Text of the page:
The RAM cartridges have a replaceable button cell battery to persist their contents, and against all odds the battery in mine still works. It has the previous owner's resume from the late 80s, among other things. The label on it suggests the battery was last changed in 1987, so I have absolutely no clue how it hasn't died yet. A few Canon daisy wheel typewriters seem to support the same RAM cartridges, so I wonder what would happen if I put this one into one of those. Would they use the same document format? Perhaps I'll find out someday. Chances are putting a Typestyle cartridge in a daisy wheel typewriter would just do nothing, but I want to try that too.

Interface Port

This is the primary advantage the Typestar 7 has over the Typestar 6, on the right side of the device near the DC jack is a 9-pin D-sub-style connector. It's not a true D-sub connector, since there are no retaining screws and it's recessed to the point that anything with those won't even come close to connecting. It just so happens to be exactly the same as an Atari joystick port though, which makes it much easier to find something that can plug into it. Some Panasonic typewriters used a very similar port, but I doubt it's electrically compatible.

The 9-pin interface port on the Typestar 7, next to the DC jack and power switch.
I think the previous owner may have been trying to figure out this port too, the shield is a bit damaged.

The manual mentions the model I/F-30 parallel and serial adapters being available for purchase to use with the interface port, but so far I haven't managed to find a single image of it online, let alone one for sale. I've done a small amount of reverse engineering on this port, but so far haven't managed to figure much of anything out. Once I have the knowledge and access to equipment necessary to investigate it more, I'll write a separate post about how the port works.

Interestingly, much like the RAM cartridges seemingly being usable on certain Canon daisy wheel typewriters, it appears that the interfaces were as well. Based on images I've found on eBay, both the S-15 and S-68 support it (and mention the I/F-30 right on the box).

The Surprise

Along with the thermal paper and manual in the briefcase for my Typestar, there were a few other pieces of paper. I didn't think much of them, but took another look as I was going through the case a few days later. What I found was quite possibly the single most valuable thing to have come with my Typestar:

A circuit diagram for the Typestar 7, showing all ICs and I/O. The previous owner highlighted some of the lines
running to/from the interface port.
Seriously, what are the chances? (click for full resolution)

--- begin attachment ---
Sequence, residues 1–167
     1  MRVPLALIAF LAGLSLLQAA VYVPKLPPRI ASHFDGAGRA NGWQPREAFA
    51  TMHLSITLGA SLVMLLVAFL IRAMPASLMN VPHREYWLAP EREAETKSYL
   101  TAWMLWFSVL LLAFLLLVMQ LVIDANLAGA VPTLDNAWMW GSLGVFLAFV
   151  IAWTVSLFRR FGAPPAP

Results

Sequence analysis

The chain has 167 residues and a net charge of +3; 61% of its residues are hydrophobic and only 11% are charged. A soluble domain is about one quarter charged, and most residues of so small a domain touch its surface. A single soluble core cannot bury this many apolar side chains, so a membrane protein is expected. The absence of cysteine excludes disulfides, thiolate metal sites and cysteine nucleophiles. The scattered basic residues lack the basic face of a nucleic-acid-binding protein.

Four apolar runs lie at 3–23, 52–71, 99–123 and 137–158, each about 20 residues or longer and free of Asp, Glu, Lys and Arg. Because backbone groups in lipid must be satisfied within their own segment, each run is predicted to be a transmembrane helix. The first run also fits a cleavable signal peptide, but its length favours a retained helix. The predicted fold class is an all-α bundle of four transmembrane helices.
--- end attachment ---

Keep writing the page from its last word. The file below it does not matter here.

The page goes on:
That's right, I somehow ended up with a complete circuit diagram for the Typestar 7. I can't tell if it's official or not, and there do seem to be a few inconsistencies (e.g. the MCU is an HD6303Y0P on the diagram, but HD6301Y0P on the actual PCB), but having a diagram right here describing all the pins makes trying to reverse engineer this so much easier. It looks like I wasn't the first though, those highlights on the interface port's data lines were made by the previous owner. The diagram has the address and data buses shown as thick white and black lines respectively, which also helps to make it easier to read.

Having this diagram also shows some other interesting things, all the chips appear to be off-the-shelf except for the MB62H177 which is a custom Canon chip. It's also interesting to note that the address lines for the cartridge slot go from A0 all the way up to A15 (so a maximum address of 215/65536 is possible). The ROM chips in the Typestyle cartridges are only 16 kB (more on that in the next part) and 8 kB seems to have been the largest size of RAM cartridge available (anything larger than that would've been an incredible pain to use anyway with the swapping requirement), so I wonder what possible purpose connecting the cartridge slot to all 16 bits of the address bus could serve.

Wrapping up

Although I have quite the backlog of Strange Electronics™ left in my collection to tinker with and learn more about, the Typestar 7 has so far been a fun device to mess around with. Many of its reverse engineering challenges are just past my current knowledge/skill level, which is a great way to push myself to improve my electronics knowledge. It's also a very pleasant device to use, even if it does end up sacrificing some quality for the sake of portability and reduced noise.

Since all the other typewriter-like devices I have are impact-based, using the Typestar 7 definitely makes me curious to try some of the other eccentric typewriter designs of days gone by. In particular, typewriter pen plotters such as the Silver-Reed EB-50, the Panasonic Penwriter series, and the Brother BP-30 (although they all use the same mechanism) have caught my eye for a while. I really need to free up some space before I get anything else though, as well as finishing up some of my other "projects". Next on my list is extracting the data from the Typestyle cartridges and figuring out their format.

A photo showing one of the Canon Typestyle cartridges, disassembled.
Coming soon!